All images courtesy of Pascalle Burton and Nathan Shepherdson
UN/SPOOL and A gram of ideas on art, form and film
by Pascalle Burton and Nathan Shepherdson
Self-published, performed, 2014
In an anagram all the elements exist in a simultaneous relationship. Consequently, within it, nothing is first and nothing is last; nothing is future and nothing is past; nothing is old and nothing is new … (Maya Deren, An Anagram of Ideas on Art, Form and Film, Alicat Bookshop, 1946, p. 6)
Experimental filmmaker, choreographer, dancer, film theorist, poet, lecturer, writer and photographer, Maya Deren was a seminal figure in twentieth-century avant-garde art and theory. To begin with Deren’s words is to follow in the footsteps of Pascalle Burton’s and Nathan Shepherdson’s UN/SPOOL and A gram of ideas on art, form and film – twinned works that are simultaneously homages to, and dialogues with, Deren’s own work and ideas, and entirely new and original pieces of art.
Presented in a glossy white box, with vibrant red endpapers, laser-cut grey covers (the stock is satisfyingly thick), and hand-stitched red binding, the book is as much an aesthetic object to be displayed and admired as it is a volume of poems. (A small slip of paper inside the box asks us to ‘Please handle (& read) with care.’) This blending of the poetic and plastic arts pays tribute to the collector’s preference for the limited, the bespoke and the handmade in an era of mass production. It is also consistent with the previous work, individual and collective, of Burton and Shepherdson who, like Deren, inhabit several generic spaces.
Bound dos-à-dos (back-to-back), the book consists of two ‘front covers’, with internal text that runs head-to-tail, and a single ‘back cover’ in the centre. Set within this shared cover, which like a fence both separates and joins the two parts, is a small, round hole – a passage between. To arrive at the end of and exit one work, therefore, is to enter and begin the other, albeit to travel through it in reverse.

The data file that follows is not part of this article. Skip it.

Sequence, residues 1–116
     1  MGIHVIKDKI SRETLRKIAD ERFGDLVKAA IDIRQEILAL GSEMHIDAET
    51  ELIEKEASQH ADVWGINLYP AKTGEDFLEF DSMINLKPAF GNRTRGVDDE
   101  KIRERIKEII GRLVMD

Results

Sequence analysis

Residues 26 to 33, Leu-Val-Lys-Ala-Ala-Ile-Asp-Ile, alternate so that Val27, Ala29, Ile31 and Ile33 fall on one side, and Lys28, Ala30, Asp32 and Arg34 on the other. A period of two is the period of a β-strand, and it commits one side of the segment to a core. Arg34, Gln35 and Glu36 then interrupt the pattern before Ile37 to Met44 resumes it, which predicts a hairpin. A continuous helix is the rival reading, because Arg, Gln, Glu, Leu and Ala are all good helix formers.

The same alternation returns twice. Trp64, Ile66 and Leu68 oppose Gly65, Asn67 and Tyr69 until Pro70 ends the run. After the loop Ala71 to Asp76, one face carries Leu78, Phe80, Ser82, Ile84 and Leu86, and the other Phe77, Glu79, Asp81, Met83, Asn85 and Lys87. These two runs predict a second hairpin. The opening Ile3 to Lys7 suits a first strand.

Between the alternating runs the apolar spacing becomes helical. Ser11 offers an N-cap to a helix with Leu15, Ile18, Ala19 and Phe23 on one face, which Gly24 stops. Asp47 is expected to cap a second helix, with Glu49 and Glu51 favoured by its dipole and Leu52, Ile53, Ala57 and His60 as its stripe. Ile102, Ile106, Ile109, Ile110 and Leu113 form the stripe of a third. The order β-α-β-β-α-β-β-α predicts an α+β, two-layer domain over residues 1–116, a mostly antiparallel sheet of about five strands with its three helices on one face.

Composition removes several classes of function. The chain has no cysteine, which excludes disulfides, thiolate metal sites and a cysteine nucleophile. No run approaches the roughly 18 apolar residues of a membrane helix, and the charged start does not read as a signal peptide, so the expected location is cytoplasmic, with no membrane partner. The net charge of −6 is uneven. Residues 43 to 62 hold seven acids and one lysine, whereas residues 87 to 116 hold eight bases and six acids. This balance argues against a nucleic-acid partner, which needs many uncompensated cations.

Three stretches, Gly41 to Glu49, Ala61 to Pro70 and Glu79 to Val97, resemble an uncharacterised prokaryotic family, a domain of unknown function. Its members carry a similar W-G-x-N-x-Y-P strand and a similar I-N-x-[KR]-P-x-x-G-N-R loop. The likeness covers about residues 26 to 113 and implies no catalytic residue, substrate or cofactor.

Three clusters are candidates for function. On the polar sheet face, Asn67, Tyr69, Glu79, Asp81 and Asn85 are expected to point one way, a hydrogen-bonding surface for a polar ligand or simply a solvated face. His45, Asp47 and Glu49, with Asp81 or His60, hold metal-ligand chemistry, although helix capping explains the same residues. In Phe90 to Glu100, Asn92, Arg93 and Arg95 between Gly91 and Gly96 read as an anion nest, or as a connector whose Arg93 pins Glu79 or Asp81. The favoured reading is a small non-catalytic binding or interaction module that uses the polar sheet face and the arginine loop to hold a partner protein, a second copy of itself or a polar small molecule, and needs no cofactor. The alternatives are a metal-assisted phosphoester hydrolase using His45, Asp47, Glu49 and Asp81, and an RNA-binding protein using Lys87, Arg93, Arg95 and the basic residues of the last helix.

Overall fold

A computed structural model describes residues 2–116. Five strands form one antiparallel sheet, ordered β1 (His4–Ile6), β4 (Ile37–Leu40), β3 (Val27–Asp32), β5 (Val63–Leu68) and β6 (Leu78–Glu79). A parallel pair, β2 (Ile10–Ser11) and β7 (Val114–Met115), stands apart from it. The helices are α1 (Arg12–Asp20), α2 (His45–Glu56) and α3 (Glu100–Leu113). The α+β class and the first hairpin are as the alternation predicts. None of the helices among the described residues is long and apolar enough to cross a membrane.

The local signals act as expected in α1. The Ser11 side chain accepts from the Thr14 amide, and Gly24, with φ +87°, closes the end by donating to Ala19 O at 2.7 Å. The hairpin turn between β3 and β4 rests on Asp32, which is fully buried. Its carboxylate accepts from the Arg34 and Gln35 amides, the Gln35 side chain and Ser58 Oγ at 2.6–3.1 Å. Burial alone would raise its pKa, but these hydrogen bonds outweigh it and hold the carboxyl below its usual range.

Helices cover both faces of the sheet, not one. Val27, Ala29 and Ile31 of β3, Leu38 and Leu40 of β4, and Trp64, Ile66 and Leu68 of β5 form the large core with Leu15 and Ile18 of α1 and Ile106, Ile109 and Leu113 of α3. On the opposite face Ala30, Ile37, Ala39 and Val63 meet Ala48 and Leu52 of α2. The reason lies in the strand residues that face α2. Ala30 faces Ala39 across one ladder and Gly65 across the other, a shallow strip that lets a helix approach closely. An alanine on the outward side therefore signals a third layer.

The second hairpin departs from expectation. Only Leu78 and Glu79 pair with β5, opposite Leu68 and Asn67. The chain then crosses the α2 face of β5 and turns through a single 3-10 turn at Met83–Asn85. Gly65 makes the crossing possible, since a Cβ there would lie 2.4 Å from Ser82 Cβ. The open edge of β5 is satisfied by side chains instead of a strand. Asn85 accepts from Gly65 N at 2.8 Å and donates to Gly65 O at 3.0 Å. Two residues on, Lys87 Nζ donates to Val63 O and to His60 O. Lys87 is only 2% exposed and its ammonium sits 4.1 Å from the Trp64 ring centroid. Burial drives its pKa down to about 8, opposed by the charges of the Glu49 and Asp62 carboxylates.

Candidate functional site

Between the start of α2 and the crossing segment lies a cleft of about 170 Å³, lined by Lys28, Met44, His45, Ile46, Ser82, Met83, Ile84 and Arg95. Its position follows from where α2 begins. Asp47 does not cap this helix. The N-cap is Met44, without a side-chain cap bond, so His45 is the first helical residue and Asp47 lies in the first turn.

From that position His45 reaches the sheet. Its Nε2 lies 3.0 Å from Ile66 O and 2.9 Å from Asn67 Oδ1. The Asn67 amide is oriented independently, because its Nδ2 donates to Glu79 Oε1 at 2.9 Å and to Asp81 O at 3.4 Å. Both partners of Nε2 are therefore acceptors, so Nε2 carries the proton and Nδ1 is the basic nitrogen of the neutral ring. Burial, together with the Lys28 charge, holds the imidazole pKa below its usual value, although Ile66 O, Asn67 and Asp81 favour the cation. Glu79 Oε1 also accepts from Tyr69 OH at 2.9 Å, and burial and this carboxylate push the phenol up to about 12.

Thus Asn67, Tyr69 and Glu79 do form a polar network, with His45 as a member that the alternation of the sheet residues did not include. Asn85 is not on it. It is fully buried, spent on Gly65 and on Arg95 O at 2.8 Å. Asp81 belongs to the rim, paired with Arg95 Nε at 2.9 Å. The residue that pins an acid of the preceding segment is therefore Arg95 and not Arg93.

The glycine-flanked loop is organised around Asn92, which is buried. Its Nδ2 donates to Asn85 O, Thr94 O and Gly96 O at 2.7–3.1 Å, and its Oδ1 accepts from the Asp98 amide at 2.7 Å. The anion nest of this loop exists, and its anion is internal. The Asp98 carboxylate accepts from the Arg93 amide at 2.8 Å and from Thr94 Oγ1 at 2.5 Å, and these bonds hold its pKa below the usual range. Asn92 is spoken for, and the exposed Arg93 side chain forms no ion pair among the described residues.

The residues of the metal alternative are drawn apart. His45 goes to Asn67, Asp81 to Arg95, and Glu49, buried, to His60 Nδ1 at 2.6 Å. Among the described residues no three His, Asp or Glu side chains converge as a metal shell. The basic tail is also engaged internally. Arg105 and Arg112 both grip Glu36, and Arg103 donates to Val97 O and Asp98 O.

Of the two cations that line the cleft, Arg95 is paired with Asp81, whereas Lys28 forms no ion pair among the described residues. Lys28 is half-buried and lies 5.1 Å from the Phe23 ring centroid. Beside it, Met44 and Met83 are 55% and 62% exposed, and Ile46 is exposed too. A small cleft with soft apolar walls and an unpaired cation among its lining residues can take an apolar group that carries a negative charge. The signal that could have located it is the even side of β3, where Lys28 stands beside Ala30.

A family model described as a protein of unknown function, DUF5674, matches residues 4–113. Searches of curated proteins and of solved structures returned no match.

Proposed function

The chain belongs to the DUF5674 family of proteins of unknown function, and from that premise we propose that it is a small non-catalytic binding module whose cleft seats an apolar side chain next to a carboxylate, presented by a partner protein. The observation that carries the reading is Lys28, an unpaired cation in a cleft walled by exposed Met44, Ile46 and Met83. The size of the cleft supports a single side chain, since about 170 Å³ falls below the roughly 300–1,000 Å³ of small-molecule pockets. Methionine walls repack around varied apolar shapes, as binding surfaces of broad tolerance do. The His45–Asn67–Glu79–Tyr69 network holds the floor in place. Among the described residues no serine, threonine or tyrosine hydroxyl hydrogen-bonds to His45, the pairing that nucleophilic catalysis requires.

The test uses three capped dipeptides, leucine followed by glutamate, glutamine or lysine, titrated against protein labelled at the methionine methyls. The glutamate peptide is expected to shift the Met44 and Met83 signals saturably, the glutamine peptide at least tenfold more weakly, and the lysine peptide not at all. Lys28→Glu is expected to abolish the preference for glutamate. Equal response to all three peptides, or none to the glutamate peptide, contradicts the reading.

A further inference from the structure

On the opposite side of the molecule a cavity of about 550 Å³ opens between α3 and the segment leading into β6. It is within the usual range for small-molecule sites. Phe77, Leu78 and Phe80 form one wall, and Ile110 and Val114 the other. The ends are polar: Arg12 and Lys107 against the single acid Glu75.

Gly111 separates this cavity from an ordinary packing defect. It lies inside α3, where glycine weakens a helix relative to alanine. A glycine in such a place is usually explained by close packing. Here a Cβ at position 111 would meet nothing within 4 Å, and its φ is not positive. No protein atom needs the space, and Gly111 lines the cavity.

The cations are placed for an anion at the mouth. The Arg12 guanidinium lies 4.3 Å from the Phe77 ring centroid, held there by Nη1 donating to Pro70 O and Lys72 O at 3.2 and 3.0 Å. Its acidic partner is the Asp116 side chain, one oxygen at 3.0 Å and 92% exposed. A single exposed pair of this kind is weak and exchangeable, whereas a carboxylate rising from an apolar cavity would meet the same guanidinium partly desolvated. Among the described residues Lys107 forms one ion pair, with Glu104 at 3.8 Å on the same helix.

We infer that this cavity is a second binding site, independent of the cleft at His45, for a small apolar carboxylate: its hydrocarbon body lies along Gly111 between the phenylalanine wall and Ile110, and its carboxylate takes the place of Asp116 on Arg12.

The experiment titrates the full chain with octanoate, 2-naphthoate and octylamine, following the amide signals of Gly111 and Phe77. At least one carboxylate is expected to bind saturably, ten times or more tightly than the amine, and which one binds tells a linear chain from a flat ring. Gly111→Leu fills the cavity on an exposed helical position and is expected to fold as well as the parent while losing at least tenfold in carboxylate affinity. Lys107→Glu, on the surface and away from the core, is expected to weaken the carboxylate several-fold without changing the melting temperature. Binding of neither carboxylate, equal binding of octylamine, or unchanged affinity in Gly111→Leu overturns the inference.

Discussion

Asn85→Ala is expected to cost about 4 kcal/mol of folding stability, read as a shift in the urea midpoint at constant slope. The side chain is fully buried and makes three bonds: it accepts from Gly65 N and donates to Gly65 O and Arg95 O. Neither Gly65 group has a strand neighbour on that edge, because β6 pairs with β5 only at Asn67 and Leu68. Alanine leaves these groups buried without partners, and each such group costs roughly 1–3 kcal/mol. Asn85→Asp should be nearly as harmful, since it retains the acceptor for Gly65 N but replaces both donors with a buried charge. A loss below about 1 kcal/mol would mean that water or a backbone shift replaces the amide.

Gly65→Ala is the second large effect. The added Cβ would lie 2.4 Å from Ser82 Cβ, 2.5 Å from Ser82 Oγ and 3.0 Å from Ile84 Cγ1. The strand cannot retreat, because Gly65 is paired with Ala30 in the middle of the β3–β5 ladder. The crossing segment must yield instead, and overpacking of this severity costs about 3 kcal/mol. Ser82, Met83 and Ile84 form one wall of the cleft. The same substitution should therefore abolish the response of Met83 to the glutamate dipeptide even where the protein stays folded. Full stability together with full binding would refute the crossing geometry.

The choice of binding method not only foregrounds the manner in which UN/SPOOL and A gram of ideas relate – as autonomous yet intimately connected works – but also challenges our approach to the act of reading itself. Before we even open the book we are faced with a preliminary question: where to start? Given the freedom to decide, and in the absence of convention, we may look for signs of authorial intent to guide us: I took my cue from the poets, who placed the book inside the box with UN/SPOOL face-up and A gram of ideas face-down. But authorial intent (if it can be inferred here) can also be ignored, and another reader may have chosen differently.
Few works are truly collaborative, but Burton and Shepherdson have maintained a strict fidelity to both the spirit and letter of collaboration: so systematically and successfully have the differences between individual styles been dissolved that it’s impossible to tell which work, which poems, which lines, belong to whom. The artists do appear (both in the vicinity of projectors) in the opening pages of UN/SPOOL:
like Nathan says: there is always someone there to knock over a projector (‘reading smoke from the cutting room floor’ – ‘1st cut/’) the hairdresser’s name is Pascalle and she tells me: the scalp is just a sheet to keep the dust off the projector (‘reading smoke from the cutting room floor’ – ‘/2nd cut’)